Any thoughts on the best and cheapest way to ship a bike?
    #7
  8. Blaise W

    Blaise W Long timer Supporter

    Joined:
    Jan 19, 2010
    Oddometer:
    1,126
    Location:
    Tucson, AZ
    Reconsider east to west. You will start out with relatively easy riding, but scenic, and work up to the "good stuff" as you go. The other way around, the East may feel a bit too easy and there is the chance that you will feel the ride is over after you get to Oklahoma.
    #8
  9. SR1

    SR1 Going to America!!!!

    Joined:
    Apr 6, 2006
    Oddometer:
    5,613
    Location:
    Knockersville, TN
    If I were in the States now, I'd help you get your shit straight and go with you. I'm dying to do the TAT again...
    #9
  10. candrewscott

    candrewscott Adventurer

    Joined:
    Dec 8, 2011
    Oddometer:
    38
    Location:
    Washington DC
    Blaise W, I think your right. I can imagine myself coming down into the plains and getting bored and just jumping on the slab home.

    Thanks for the advice:D
    #10
  11. candrewscott

    candrewscott Adventurer

    Joined:
    Dec 8, 2011
    Oddometer:
    38
    Location:
    Washington DC
    My new Happy Trails skid plate came today :lol3

    They had a black Friday sale for $82 with free shipping so I bought it. probably wont have time to install for a couple of days.

    Been rocking (get it?) the stock plastic for years and it has some big hunks missing.

    5.jpg

    Will post some pics when its on.

    Im thinking about making a tool and extra fuel carrier addition to the skid plate like some Dakar bikes have. A good friend is a master welder and is down to do the work for a six pack.:freaky
    [​IMG]

    Something like this only a little more rounded front.

    when I get the skid plate mounted Ill take some measurements and draft up some ideas.

    Thoughts?
    #11
  12. kingrj

    kingrj Been here awhile

    Joined:
    Aug 14, 2005
    Oddometer:
    598
    Location:
    Hattiesburg, Mississippi
    I am also an engineer but I am not OCD!:D I have done MS, AR, CO, LA, UT portions of the TAT but have not done it all..Here is my full planning list based on my experience:


    • If you can afford it don't camp and stay in cheap motels
    • Take only half the clothes you think you will need
    • Practice riding in deep crappy sand before you go
    • Take spare tubes and clutch cable
    • Install a new battery before you leave on the trip

    There! That is it! Have fun..you will love it!
    #12
  13. FAW3

    FAW3 Old wanderer

    Joined:
    Mar 13, 2009
    Oddometer:
    2,258
    Location:
    No.VA.
    Two thoughts: 1: Simplicity is it's own reward. 2: Go light & go far.

    Just suggestions from a fellow KLR person:

    MOLLE type "Utility Bag" like this or similar can be easily mounted with heavy flex ties to your engine guard bars. You can wrap items in plastic bags if wet proof desired. Keeps weight low and forward. I use one that holds a 2qt water canteen and the other side holds tube/tire repair kit:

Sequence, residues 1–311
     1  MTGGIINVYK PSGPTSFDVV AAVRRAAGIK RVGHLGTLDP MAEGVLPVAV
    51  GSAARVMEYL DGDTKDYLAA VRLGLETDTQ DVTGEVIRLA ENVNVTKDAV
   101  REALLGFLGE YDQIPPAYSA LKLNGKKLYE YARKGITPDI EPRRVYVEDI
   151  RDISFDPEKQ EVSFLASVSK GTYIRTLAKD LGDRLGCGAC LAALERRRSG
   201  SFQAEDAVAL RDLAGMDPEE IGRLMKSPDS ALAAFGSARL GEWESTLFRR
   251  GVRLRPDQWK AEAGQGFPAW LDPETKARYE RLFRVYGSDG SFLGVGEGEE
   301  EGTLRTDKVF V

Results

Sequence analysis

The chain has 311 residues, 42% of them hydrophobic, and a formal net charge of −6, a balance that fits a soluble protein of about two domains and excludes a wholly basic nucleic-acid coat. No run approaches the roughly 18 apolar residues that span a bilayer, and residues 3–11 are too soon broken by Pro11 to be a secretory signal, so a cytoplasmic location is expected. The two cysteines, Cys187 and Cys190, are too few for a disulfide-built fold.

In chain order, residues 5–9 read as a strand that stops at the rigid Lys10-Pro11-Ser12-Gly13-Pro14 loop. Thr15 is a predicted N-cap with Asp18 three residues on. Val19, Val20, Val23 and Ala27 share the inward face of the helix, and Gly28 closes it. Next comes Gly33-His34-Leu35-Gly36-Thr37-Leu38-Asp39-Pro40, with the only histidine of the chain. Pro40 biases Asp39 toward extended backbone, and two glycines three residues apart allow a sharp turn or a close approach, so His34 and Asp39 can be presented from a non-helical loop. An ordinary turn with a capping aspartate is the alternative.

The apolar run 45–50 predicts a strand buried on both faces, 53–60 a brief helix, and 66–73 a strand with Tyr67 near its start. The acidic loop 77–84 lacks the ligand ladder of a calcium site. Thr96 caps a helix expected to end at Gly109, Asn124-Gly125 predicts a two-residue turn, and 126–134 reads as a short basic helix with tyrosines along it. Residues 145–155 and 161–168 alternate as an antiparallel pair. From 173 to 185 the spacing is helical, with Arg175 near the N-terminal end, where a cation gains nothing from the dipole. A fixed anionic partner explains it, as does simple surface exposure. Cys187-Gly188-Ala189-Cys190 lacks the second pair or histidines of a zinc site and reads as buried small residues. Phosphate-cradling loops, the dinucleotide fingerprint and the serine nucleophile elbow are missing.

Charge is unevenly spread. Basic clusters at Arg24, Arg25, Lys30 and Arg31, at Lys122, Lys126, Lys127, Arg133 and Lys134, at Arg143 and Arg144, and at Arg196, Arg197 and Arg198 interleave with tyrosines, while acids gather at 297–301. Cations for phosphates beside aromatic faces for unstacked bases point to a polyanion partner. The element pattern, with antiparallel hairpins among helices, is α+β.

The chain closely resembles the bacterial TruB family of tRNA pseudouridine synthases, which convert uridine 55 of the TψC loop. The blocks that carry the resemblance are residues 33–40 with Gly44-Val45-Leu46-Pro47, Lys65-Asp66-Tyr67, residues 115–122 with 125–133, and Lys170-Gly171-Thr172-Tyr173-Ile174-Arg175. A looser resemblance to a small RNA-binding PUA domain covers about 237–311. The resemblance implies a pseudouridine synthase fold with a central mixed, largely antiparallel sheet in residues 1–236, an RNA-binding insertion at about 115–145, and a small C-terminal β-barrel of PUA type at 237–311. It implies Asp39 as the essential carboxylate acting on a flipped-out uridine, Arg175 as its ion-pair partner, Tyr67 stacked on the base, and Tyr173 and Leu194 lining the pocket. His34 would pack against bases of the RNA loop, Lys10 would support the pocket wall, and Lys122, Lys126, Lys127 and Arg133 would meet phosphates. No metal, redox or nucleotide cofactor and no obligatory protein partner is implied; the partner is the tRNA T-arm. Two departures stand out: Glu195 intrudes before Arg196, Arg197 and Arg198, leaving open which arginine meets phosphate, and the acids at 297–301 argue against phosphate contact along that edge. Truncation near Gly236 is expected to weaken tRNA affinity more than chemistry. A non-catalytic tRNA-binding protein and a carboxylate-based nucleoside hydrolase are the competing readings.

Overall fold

http://www.amazon.com/Voodoo-Tactical-E-M-T-Pouch-20-744501000/dp/B003EGRSWK/ref=sr_1_3?s=hunting-fishing&ie=UTF8&qid=1418562945&sr=1-3&keywords=molle+gear+bag

    Extra fuel? Not really needed...you have 5+ usable gallons plus a manual reserve and a final last gasp "tilt bike on left side" trick. Save the weight. KNOW your range and PLAN your route.

    Green Chili Adventure Gear offers some very good kit for strapping gear securely, easily and cheaply to a KLR (or any bike). You can buy weatherproof roll bags or duffel bags from cheap sources and use them. I use some of their straps in some of my packing variations. http://www.greenchileadv.com/

    ...having said that about the "strap on option" for gear: for ease of use & loading I love my Great Basin bag from Giant Loop.

    Take a small camp chair; a pair of good strap on walkabout quick drying sandals (break from boots at camp or town, use in stanky showers, river wading); a hat; all clothes synthetic - avoid cotton.
    #13
  14. candrewscott

    candrewscott Adventurer

    Joined:
    Dec 8, 2011
    Oddometer:
    38
    Location:
    Washington DC
    Thanks for all the replies. they are super helpful. I appreciate the fuel range of the beast but am wondering about water storage. My line of reasoning is that from a mass stand point water will be the highest mass object that I have to carry and that I have any control over where it goes; so mounting it low and forward will help lower the CG and decrease the fore after weight disparity of the loaded down bike.

    Thinking about using a Rotopax or some other tough container with an aluminum plate in front and below for protection.

    I got the time to mount the skid plate last night:lol3
    7.jpg

    Went on pretty easy. feels solid.

    Cant wait to test it out. and do some serious riding.:rofl

    Does anyone know a place near DC to ride sand?

    Thanks
    #14
  15. candrewscott

    candrewscott Adventurer

    Joined:
    Dec 8, 2011
    Oddometer:
    38
    Location:
    Washington DC